In order to understand the history of Galicia, we have to consider it from a geographical point of view. For centuries traffic between Galicia and the rest of the peninsula to the east was limited by the access afforded by the pass at Piedrafita. The south, of course, was still considered the Kingdom of Galicia and not the Portugal it was to become.
This had the impact of isolating it in many ways. It is highly unlikely, for example, that any of the bishops had any contact with the Pope. It would not be practical or appropriate. Galicia followed the Visigothic Rite in the Mass not the Roman one and there were subtle differences; differences that the Gallegos were rather fond of.
The structure of the Visigothic Church was disrupted by the short lived Islamic invasion of the north west, but not for long. The memories survived in Gallego hearts and the Rite was revived and followed by all bishops up until the time of Diego Pelaez. Including Diego Pelaez, and that is an important point for our story.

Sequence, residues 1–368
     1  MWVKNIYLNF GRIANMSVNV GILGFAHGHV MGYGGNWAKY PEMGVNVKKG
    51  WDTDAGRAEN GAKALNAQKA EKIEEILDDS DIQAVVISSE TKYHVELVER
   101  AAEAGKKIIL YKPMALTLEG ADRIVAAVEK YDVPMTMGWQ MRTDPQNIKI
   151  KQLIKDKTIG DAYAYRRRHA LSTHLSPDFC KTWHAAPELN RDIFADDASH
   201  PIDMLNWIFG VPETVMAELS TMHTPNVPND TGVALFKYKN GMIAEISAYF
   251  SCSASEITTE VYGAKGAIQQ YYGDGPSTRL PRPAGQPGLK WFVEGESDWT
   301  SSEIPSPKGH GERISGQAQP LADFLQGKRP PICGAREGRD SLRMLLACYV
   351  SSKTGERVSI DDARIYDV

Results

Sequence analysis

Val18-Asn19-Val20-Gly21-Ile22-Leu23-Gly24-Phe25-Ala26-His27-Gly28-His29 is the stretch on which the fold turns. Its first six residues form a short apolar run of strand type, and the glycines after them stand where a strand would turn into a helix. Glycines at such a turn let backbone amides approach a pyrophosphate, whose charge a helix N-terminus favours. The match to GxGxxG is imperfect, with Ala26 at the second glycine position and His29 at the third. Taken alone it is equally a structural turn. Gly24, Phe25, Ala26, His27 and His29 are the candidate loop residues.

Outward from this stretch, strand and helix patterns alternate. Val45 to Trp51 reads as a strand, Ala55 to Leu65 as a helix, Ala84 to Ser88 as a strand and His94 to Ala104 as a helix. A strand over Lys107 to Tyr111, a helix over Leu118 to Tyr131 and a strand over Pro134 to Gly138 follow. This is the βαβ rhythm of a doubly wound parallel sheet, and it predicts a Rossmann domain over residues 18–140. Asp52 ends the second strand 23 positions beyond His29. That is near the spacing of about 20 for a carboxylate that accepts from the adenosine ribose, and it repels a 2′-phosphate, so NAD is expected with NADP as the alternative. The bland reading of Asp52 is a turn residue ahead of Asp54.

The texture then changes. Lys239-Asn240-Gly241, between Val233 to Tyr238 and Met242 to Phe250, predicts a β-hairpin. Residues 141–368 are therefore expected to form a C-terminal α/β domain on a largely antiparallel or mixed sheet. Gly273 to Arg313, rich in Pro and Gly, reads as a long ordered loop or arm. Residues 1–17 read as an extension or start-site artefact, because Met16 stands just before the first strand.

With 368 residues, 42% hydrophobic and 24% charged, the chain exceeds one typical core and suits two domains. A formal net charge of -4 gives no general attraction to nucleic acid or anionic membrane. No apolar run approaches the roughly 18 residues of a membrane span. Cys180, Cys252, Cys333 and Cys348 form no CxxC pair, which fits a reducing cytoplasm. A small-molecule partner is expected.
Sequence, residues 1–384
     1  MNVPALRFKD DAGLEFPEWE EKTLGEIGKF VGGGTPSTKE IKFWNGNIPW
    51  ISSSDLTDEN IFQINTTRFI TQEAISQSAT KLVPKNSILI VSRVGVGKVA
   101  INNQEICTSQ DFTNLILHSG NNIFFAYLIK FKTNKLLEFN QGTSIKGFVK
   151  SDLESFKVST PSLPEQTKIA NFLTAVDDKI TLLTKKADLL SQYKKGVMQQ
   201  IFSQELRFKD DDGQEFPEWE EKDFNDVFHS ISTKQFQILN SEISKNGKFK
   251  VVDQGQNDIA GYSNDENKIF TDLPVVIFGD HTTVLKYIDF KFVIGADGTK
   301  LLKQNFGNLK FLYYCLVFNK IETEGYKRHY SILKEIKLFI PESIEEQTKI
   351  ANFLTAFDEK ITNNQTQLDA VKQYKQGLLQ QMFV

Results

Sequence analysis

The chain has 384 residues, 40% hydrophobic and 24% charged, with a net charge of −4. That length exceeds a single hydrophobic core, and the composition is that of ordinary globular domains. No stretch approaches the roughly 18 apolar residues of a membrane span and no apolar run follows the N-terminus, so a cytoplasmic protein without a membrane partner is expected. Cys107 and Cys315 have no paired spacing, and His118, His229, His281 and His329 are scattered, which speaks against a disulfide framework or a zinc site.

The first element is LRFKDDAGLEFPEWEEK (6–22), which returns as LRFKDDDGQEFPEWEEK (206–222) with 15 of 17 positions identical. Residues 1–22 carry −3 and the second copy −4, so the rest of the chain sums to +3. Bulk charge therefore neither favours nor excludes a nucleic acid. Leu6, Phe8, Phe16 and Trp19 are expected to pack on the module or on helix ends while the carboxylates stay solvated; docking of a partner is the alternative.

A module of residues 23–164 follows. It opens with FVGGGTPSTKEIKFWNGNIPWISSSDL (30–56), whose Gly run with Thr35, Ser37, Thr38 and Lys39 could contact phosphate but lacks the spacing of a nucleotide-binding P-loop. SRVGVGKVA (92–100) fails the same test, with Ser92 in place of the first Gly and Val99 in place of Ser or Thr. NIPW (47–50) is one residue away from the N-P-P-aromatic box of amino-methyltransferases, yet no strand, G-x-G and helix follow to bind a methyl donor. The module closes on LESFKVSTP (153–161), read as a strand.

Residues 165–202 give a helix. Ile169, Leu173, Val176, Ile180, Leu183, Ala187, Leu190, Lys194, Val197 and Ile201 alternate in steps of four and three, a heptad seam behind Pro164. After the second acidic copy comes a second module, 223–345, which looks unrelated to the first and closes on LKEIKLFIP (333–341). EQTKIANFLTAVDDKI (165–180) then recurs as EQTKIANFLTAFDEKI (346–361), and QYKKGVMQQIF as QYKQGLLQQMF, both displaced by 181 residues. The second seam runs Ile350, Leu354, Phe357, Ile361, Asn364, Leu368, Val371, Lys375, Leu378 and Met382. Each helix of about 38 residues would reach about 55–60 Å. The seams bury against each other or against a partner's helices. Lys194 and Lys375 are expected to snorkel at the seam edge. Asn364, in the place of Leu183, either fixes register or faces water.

Pelaez you will remember was consecrated by Sancho II, the about to be deposed and disposed of brother of Alfonso VI of Leon and Castille with whom by now, if you are a regular reader, you will be be becoming familiar.
It was an earlier Sancho, “the Great” who invited monks of Cluny to establish a monastery at San Juan de la Peña near Jaca, in Aragon. Richard Fletcher writes in St. James' Catapult that the Cluny monks were “expert at prayer for sin laden kings, and Sancho’s dynasty was to become very rich”.
We are left to make of this what we will.
In this the Order of Cluny gained an ecclesiastic foothold on Spanish soil as early as the first quarter of the 11th century. Aragon, however, is a goodly hike from Galicia (as many of you who have walked the lovely Camino Aragones will know), and the people of Galicia remained firmly entrenched in their Visigothic ways, with a bit of left over Priscillianism and pagan ways mixed in for good measure.
In the face of the Roman Church's hegemony, it was only a matter of time.